Attachments to "place" and "home" are hard-wired into the biology of humans and animals alike, although such attachments vary according to specific times, cultures, and states of mind. Can we speak of a "Japanese sense of place" and if so, what is distinctive about it? Seminar explores religious visions and ritual fields; narratives of itinerancy; cityscapes; topographic taxonomies. Knowledge of Japanese culture is beneficial but not mandatory.
Terms: not given this year | Units: 5 | Grading: Letter (ABCD/NP)

JAPANGEN 233: Japanese Media Culture (JAPANGEN 133)

Focuses on the intertwined histories of the postwar Japanese television, anime, music, and video game industries, and how their development intersects with wider trends in Japanese society. We will pay particular attention to questions of affect, labor, and environment in media production, consumption, and style.
Terms: Aut | Units: 2-4 | Grading: Letter (ABCD/NP)

JAPANGEN 237: Classical Japanese Literature in Translation (JAPANGEN 137)

Prose, poetry, and drama from the 10th-19th centuries. Historical, intellectual, and cultural context. Works vary each year. May be repeated for credit with consent of instructor.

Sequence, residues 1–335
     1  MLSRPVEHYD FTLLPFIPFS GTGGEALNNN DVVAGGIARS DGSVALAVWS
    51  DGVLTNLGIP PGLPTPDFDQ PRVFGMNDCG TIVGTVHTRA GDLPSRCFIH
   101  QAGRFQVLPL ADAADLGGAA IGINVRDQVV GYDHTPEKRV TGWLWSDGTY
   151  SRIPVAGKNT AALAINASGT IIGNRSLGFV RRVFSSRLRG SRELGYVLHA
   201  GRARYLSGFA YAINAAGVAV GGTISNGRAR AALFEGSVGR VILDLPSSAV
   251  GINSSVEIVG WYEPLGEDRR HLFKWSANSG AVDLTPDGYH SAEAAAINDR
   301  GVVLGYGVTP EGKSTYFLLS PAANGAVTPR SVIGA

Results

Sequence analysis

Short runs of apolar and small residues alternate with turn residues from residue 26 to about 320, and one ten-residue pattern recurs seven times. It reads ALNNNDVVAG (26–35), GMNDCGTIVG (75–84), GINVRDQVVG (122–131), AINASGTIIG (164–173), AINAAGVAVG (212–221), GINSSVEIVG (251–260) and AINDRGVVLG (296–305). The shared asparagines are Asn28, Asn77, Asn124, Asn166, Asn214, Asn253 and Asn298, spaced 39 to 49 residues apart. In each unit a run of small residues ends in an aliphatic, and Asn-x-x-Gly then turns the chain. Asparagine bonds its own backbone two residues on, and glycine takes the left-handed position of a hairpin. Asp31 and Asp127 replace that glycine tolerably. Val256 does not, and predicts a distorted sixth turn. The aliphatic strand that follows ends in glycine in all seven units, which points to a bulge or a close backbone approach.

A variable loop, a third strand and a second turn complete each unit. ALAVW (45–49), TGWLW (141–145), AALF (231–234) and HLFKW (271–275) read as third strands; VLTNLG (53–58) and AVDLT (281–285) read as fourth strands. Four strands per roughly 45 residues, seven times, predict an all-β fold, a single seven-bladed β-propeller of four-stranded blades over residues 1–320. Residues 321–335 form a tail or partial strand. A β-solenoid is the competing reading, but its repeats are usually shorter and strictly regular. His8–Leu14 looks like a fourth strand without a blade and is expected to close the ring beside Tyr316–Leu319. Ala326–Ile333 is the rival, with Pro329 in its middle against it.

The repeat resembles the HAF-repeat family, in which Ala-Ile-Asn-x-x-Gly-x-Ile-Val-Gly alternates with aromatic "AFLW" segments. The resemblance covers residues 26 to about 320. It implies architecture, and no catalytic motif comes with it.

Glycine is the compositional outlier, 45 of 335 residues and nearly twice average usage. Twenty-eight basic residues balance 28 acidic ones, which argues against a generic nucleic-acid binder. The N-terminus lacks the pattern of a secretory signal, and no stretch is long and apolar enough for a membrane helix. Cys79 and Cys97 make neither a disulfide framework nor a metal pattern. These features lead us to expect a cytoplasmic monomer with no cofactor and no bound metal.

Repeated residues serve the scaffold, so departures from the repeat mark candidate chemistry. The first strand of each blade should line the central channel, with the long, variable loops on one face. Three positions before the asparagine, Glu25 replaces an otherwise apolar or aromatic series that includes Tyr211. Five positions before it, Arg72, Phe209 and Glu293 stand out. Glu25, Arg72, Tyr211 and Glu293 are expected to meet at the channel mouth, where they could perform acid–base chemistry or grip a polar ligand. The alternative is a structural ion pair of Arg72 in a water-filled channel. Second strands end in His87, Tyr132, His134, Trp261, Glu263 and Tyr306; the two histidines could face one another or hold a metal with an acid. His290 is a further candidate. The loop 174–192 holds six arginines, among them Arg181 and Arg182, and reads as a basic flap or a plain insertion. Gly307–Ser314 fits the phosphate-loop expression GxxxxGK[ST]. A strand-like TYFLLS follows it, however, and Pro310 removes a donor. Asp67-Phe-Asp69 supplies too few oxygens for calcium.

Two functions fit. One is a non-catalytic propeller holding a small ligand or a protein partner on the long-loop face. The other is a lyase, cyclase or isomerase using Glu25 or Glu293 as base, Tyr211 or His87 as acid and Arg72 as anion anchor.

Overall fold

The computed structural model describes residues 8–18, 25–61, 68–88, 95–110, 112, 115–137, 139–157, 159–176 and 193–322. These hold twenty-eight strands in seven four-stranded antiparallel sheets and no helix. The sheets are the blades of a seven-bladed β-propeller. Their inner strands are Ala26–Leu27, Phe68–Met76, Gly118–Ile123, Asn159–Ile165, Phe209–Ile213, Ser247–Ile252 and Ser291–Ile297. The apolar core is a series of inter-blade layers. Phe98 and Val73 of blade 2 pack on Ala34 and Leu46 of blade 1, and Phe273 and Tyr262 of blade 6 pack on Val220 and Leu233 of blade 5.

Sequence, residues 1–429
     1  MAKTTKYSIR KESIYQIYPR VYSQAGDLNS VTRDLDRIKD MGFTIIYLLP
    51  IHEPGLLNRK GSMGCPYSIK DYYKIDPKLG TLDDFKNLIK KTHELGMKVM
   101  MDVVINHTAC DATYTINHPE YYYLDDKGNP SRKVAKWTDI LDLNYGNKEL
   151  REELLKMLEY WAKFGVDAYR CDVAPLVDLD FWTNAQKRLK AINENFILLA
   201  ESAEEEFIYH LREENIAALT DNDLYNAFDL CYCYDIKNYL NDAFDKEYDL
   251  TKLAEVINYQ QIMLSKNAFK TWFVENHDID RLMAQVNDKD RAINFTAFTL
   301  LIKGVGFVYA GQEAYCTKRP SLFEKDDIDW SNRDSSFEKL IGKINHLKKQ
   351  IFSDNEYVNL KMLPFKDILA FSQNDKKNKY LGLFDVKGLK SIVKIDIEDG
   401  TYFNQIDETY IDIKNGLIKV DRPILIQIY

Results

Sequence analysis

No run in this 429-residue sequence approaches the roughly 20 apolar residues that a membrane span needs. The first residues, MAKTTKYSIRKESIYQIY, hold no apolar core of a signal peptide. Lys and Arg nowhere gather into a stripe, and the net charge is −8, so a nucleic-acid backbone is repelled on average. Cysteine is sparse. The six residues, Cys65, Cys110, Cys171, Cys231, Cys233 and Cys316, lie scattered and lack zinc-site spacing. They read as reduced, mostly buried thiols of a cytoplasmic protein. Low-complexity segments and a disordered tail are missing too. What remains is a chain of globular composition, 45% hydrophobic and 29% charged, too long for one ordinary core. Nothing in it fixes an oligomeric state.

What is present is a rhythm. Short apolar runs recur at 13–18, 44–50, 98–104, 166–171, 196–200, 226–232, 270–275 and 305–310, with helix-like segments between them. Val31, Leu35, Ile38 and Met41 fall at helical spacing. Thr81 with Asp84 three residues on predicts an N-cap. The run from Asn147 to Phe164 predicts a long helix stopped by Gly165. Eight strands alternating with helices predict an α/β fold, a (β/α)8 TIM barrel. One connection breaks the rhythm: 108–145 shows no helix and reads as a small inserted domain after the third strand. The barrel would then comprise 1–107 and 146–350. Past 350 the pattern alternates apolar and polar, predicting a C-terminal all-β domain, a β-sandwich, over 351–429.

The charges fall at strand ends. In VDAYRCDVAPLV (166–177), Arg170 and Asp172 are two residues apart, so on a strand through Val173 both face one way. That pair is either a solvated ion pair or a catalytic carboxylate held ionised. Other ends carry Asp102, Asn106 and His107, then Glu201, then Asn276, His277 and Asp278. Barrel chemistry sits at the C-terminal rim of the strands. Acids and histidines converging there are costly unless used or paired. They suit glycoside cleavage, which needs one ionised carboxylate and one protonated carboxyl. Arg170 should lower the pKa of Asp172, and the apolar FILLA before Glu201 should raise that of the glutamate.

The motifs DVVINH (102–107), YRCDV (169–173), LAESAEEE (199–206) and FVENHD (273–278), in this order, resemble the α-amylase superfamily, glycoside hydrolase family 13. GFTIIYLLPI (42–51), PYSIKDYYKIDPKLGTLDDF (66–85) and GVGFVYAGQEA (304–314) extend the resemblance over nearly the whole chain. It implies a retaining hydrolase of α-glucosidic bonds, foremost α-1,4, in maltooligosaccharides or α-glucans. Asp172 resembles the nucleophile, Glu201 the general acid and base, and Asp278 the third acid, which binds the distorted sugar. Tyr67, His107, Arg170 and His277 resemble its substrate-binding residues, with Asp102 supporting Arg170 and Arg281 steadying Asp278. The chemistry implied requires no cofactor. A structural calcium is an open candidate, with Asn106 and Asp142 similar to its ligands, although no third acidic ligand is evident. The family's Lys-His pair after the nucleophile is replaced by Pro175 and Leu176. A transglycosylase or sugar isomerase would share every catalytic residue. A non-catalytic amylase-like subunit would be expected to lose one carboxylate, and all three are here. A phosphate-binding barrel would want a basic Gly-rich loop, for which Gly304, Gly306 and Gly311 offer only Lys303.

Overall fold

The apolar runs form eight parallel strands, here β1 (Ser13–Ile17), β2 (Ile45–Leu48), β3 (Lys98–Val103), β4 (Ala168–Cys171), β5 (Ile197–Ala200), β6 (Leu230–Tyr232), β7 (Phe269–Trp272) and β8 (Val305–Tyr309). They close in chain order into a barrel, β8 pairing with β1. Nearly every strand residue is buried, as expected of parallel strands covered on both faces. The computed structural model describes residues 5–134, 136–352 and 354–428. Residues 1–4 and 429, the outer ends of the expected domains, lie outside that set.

Terms: not given this year | Units: 4 | Grading: Letter (ABCD/NP)

JAPANGEN 238: Introduction to Modern Japanese Literature and Culture (COMPLIT 138A, JAPANGEN 138)

This class introduces key literary texts from Japan's modern era (1868-present), locating these works in the larger political, social, and cultural trends of the period. Primary texts include: Futabatei Shimei's Floating Clouds, Higuchi Ichiyô's Child's Play, Natsume Sôseki's Kokoro, Kobayashi Takiji's Cannery Boat, Ôe Kenzaburô's The Catch, and Yoshimoto Banana's Kitchen. Examination of these literary works will be contextualized within larger political trends (e.g., the modernization program of the Meiji regime, the policies of Japan's wartime government, and postwar Japanese responses to the cold war), social developments (e.g., changing notions of social class, the women's rights movement, and the social effects of the postwar economic expansion), and cultural movements (e.g., literary reform movement of the 1890s, modernism of the 1920s and 30s, and postmodernism of the 1980s). The goal of the class is to use literary texts as a point of entry to understand the grand narrative of Japan's journey from its tentative re-entry into the international community in the 1850s, through the cataclysm of the Pacific War, to the remarkable prosperity of the bubble years in the 1980s.
Terms: Spr | Units: 3-4 | Grading: Letter (ABCD/NP)
Instructors: Levy, I. (PI)